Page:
Game Theory and Business Strategy

Mixed Strategies in American Football


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One of the most counterintuitive aspects of a mixed strategy Nash equilibrium is that if one of my strategies becomes better, I might end up using it less often. This example is for those who might prefer an analogy to football.

Suppose that my team, which is on offense, has an equally effective running and passing game. Similarly, my opponent can defend against the run and the pass equally well. To put some numbers to this, assume that if my opponent calls my play, meaning that the opposing team defends against the run when I plan on running, or defends against the pass when I plan on passing, I expect to lose five yards. On the other hand, if the opponent calls the wrong play (expects me to run when I pass, or expects me to pass when I run), I will definitely get 5 yards on the play. The game looks like this:

    Defense
    Run Pass
Offense Run

-5 , 5

5 , -5

Pass

5 , -5

-5 , 5

The equilibrium of this game is straightforward. Each of us will "mix" with probability 1/2. Hence, I will choose my plays based on a coin toss each time, and so will the defense.

Now, imagine that my team recruits a very fast running back. The only difference now is that if the defense expects me to pass when my team selects to run, we will gain 10 yards instead of 5. The new game looks like this:

    Defense
    Run Pass
Offense Run

-5 , 5

10 , -10

Pass

5 , -5

-5 , 5

The only difference between this game and the previous one is that the run has become a better strategy than it was before. Let us see what the new equilibrium is. Suppose that I, on offense, will run with probability q and pass with probability (1-q). We know that the equilibrium value of q may be found by making the opponent indifferent between his two strategies. So:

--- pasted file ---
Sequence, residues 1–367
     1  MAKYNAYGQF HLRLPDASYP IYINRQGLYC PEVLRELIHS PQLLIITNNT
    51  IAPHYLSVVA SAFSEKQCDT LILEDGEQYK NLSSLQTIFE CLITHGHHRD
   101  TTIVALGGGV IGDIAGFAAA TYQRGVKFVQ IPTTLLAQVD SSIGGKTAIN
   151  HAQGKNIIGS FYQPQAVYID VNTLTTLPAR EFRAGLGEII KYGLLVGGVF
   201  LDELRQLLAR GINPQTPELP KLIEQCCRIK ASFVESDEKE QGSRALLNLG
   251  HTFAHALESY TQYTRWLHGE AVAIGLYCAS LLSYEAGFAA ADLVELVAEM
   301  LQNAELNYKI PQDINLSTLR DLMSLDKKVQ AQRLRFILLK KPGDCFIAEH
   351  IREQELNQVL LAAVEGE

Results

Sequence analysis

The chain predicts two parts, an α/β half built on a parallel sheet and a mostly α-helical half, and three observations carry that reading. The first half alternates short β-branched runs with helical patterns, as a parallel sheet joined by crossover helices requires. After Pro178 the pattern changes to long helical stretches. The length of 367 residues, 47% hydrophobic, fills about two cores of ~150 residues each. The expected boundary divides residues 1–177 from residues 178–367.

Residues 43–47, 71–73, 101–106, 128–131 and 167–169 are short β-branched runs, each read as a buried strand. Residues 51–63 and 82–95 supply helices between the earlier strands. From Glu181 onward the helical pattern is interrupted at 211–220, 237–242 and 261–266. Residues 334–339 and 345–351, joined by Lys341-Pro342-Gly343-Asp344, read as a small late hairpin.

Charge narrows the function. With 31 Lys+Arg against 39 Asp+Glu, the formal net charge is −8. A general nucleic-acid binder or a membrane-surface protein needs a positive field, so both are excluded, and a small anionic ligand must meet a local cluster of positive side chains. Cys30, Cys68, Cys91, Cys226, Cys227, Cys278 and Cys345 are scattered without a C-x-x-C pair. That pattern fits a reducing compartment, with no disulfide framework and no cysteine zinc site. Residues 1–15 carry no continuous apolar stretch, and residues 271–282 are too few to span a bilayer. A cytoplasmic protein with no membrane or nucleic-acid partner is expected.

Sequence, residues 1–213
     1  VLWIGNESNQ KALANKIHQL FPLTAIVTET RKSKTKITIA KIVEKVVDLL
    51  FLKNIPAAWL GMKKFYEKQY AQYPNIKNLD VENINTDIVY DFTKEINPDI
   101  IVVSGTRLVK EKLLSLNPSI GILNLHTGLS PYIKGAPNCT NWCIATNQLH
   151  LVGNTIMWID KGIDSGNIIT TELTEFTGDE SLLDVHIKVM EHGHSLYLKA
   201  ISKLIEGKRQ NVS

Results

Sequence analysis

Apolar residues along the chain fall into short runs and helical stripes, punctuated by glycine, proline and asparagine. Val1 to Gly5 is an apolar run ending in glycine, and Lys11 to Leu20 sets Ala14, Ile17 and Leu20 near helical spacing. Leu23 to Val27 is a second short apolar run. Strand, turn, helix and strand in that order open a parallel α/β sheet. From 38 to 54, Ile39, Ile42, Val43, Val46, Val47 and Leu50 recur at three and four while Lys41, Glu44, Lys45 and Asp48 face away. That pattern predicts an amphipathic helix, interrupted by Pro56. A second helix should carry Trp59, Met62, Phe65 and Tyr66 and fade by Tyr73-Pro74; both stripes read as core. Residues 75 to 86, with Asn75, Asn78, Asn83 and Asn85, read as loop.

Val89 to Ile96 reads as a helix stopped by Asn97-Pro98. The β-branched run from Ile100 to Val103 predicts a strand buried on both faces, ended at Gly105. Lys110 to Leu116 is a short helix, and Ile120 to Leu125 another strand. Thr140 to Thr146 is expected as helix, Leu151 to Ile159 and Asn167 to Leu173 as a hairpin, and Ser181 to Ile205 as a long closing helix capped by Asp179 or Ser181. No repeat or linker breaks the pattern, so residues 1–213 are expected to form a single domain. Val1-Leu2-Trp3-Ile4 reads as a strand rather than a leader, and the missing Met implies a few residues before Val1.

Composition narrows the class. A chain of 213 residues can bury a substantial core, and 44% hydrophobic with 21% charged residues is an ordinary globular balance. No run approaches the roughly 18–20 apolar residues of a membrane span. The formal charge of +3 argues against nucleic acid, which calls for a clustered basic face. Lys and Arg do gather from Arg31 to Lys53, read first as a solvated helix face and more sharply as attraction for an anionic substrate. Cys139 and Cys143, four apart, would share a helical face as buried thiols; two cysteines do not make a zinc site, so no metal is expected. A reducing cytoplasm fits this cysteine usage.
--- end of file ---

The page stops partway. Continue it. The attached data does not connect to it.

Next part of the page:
if Defense defends against the run: Expected gain = 5q - 5(1-q) = 10q - 5
if Defense defends against the pass: Expected gain = -10q + 5(1-q) = 5 - 15q

At equilibrium, we must have these expected gains equal to each other, so:

10q-5 = 5 - 15q   -->   25q = 10   -->   q=2/5

Before my new star running back, my team ran half of the time. Now, we are only running 2 out of every 5 plays, despite the fact that our running game is better.

Pretty counterintuitive, isn't it?

Well, here's why it works this way. Our intuition suggests that a better running back should imply more runs. But that is ignoring the interactive nature of the game. Our opponents also know that we have a better running back, so they will have more incentive to block him. But if he is blocked more, he isn't as effective. So, to make sure that the other team doesn't block him too much, we have to convince them that we are not going to be using him often. The defense is forced to cover the pass often. Those who are football fans might recognize this logic. You often hear commentators suggest that "the new star running back will really open up their passing game" or "the new running back doesn't do them any good unless they start passing more," suggesting that you have to keep your opponent guessing.

Note that the same is true in any sport in which probabilities are important. A better fastball by a baseball pitcher, a better slice serve in tennis, a better three-point shooter in basketball, might all lead to using these pitches, serves, or players less often.